Wednesday, December 24, 2014

Christmas Exceptionalism

Away from a manger. Nicolas Poussin, La Nourriture de Jupiter (1636-37). Wikimedia Commons.
"Biblical theologian" Scott Hahn, author of Joy to the World: How Christ's Coming Changed Everything (and Still Does) (2014), doing a book tour interview with Kathryn Jean Lopez at NRO in that curious style of hers, where she always seems to be working backwards, taking a prepared text and interpolating questions into it:
LOPEZ: Why is it important to notice that Jesus “doesn’t behave like a conventional hero”?
HAHN: Jesus’ story is so much a part of us that we no longer notice its strangeness. I hope, with this book, to help people to forget the intervening millennia for a few moments and see the first Noel as it was. Jesus was power made perfect through weakness, as Saint Paul said. He learned obedience through suffering. And that was true from the first instant of his incarnation. His way was not the way of the gods and epic heroes of antiquity. We need to recover a sense of amazement at the humility of God, who allowed himself to be swaddled and diapered, hunted like an animal, and hidden like contraband.
Well, though, just one of the all-time biggest gods of antiquity was Zeus, whose babyhood ought to be fairly familiar to some of our older readers. He was born in a cave on Mount Ida in Crete, where his mother immediately abandoned him, not because she didn't love him but to prevent his father from eating him (a careless feeder, Cronos swallowed the baby-sized stone in swaddling clothes she gave him instead without realizing he'd been tricked). Instead of his own mother he was suckled in the cave by a she-goat, while a troupe of Dactyls, dancing shamans, banged their drums and clashed their cymbals so that Cronos would not hear his cries, which must have played hell with the infant's sleep schedule. If that's not hunted like an animal and hidden like contraband I don't know what is.

Even more impressive is the story of the epic hero Heracles, conceived in Thebes when Zeus seduced Alcmene, king's daughter of Mycenae, by disguising himself as her husband Amphitryon, who was off at a war. Even before his birth he had to share a womb with his twin, Amphitryon's son Iphicles, and as soon as he was born Alcmene took him to a field outside the city and left him there, exposed to the elements, not out of fear of her husband, who, like Joseph, was relatively easy about sharing his wife with God, but God's wife Hera, who would have killed him if she knew where he was. (Athena found him there and cleverly presented him to Hera, like, "Look at this cute baby I found!" Hera immediately started nursing him; he sucked so violently that she had to push him away—her milk splashing through the sky created the Milky Way—but he was already bound to her forever in spite of her hatred.)

Heracles is also noteworthy for having died in inconceivable torture (wearing a shirt poisoned with the Hydra's blood, which burned his torso down to the bone before it killed him) and then rising from his funeral pyre to the heavens, where he sat at the right hand of the god his father, a god himself.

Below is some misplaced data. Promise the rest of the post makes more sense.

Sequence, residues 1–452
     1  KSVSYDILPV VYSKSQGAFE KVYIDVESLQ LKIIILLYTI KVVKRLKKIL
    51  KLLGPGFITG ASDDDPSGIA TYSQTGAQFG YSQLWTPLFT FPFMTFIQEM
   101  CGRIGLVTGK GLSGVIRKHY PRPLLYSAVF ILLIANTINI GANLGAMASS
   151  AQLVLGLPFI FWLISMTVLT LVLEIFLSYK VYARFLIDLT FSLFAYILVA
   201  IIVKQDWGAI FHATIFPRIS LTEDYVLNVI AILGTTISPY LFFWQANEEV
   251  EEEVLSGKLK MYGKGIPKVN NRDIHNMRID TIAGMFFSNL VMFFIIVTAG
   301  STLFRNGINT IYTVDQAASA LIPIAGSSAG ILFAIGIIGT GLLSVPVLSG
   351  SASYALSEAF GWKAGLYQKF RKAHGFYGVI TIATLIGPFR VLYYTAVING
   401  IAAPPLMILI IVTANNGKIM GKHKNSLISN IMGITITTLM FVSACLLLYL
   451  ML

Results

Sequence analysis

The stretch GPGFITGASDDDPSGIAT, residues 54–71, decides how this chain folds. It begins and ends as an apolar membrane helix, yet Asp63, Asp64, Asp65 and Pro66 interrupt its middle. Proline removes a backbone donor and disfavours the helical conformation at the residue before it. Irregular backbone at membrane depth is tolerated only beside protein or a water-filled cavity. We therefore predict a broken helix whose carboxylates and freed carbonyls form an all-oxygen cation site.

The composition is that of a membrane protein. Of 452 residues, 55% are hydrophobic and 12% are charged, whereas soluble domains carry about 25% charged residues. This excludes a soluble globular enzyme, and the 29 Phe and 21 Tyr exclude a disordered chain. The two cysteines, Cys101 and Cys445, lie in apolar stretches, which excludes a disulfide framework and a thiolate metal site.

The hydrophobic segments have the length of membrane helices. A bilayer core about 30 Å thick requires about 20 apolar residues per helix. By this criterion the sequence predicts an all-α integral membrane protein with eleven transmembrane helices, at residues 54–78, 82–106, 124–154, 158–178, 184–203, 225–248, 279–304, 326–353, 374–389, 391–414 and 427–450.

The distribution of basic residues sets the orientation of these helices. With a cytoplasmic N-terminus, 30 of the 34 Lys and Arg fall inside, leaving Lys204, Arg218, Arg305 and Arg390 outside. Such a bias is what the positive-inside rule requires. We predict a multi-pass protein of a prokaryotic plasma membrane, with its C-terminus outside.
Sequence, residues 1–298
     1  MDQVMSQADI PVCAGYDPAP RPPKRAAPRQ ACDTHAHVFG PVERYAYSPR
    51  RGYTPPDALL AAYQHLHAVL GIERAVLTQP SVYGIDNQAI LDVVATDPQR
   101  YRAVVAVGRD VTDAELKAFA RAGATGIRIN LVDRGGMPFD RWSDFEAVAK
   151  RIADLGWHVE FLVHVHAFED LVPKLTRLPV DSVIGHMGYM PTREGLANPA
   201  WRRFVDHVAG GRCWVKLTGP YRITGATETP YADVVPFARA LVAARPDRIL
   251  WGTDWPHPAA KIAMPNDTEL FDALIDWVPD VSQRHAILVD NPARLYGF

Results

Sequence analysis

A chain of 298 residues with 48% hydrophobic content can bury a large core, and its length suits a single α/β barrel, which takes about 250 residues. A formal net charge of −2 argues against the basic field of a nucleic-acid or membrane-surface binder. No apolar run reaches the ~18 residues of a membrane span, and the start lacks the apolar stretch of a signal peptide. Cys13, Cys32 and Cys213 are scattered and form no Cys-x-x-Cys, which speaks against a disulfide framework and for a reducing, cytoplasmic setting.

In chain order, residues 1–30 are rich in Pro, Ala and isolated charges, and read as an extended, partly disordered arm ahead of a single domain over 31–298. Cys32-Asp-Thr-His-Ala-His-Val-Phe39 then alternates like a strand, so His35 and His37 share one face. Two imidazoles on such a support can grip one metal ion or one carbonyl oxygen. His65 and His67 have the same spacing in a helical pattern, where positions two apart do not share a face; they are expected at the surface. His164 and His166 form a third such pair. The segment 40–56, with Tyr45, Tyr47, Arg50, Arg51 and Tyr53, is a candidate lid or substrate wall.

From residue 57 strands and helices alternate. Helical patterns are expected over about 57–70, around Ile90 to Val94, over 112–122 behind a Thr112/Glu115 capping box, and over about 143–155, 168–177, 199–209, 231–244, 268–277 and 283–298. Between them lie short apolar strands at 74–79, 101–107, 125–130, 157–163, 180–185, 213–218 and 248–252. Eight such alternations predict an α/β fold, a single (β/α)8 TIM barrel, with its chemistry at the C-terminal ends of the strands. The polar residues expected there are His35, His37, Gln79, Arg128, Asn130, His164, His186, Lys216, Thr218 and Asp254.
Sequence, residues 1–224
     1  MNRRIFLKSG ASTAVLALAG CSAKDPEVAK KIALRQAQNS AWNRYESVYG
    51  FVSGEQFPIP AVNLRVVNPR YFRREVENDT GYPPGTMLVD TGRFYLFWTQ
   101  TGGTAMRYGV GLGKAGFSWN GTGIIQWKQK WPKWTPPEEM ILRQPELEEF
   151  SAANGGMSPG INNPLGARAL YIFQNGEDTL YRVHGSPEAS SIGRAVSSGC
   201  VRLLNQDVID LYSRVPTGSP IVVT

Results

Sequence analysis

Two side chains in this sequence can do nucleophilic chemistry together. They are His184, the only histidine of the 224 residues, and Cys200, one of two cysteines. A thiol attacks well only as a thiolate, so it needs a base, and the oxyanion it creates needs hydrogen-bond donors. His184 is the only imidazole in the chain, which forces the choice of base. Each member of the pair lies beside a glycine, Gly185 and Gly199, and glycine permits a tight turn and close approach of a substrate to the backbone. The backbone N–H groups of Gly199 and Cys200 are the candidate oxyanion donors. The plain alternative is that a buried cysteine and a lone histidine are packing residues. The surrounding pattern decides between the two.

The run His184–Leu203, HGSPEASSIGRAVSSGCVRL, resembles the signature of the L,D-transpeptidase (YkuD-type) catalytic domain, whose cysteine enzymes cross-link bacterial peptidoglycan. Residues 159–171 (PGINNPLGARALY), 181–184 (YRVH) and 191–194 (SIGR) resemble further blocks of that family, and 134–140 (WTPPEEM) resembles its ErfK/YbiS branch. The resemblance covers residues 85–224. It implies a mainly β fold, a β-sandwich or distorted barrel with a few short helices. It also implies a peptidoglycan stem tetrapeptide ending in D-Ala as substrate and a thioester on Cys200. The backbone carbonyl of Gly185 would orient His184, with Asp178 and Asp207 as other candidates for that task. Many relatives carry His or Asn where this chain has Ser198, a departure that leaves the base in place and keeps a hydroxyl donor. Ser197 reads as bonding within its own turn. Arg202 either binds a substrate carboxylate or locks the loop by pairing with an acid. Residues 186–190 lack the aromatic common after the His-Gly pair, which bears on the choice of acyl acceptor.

Just saying, Kathryn Jean. There is really not one word in the Gospel accounts of Jesus that is not prefigured somewhere in the Old Testament and Greek and Roman and Near Eastern myth. The power of the story comes from its universality—he's really the most convention-bound hero there is. Educated Christians used to know about this too, it didn't even bother them particularly.

What we have today is American Christian Exceptionalism, idiots like General Boykin and Justice Moore who believe Muslims worship idols and themselves make graven images of the Ten Commandments. I'm not one of those New Atheists who believe that all religion is stupid, but I do think if you want to argue you ought to know something first.

Cross-posted at The Rectification of Names.


Never Ben Better said...

Too bad these exceptionalists seem also oblivious to the perils of hubris.

Roger said...

Do we need to recover a sense of amazement at the humility of David Vitter too?

Victor said...

Decades ago, I gave up trying to explain how Christ and the myth(s) about him, were not original.

'American Christian exceptionalism,' indeed.

Ken_L said...

How's Lopez bearing up under the trauma of a libtard pope?

Yastreblyansky said...

@Ken--Denial. Since the message of the Church is eternally changeless, all Popes are alike no matter what they say. She thinks he's a lovable conservative. She looks beyond Francisco's socialist words to his smile and sees a great big sweet teddy bear like old Mr. Buckley who totally agrees with Wojtyla and Ratzinger in every respect even if he sounds different.

Ken_L said...

@Yastreblyansky - let me guess, the media keeps taking his words out of context, right? And all he did in the Cuba thing was give out Castro's email address.

Yastreblyansky said...

Takes her cue from Cardinal Dolan on Cuba. LIterally just quotes him to establish the party line. If she has to choose between church and the boys at NRO she chooses the church, which makes her in a funny way admirable--she'll be as dishonest as Dolan demands, but no further.